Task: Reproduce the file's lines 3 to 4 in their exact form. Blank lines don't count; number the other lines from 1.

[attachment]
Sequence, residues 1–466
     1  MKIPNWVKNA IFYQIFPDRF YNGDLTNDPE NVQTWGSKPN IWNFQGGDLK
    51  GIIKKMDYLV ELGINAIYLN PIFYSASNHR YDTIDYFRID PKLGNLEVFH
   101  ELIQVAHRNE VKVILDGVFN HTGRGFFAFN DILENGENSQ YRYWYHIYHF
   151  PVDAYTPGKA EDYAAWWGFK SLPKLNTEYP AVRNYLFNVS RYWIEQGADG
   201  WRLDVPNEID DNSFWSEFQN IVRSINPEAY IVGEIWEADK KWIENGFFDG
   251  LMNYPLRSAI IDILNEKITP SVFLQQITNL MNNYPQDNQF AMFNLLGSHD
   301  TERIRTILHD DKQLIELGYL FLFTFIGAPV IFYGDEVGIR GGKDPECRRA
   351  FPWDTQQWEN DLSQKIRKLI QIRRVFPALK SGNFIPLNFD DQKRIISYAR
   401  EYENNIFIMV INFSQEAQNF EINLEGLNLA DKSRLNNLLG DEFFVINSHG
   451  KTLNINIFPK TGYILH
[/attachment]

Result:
    51  GIIKKMDYLV ELGINAIYLN PIFYSASNHR YDTIDYFRID PKLGNLEVFH
   101  ELIQVAHRNE VKVILDGVFN HTGRGFFAFN DILENGENSQ YRYWYHIYHF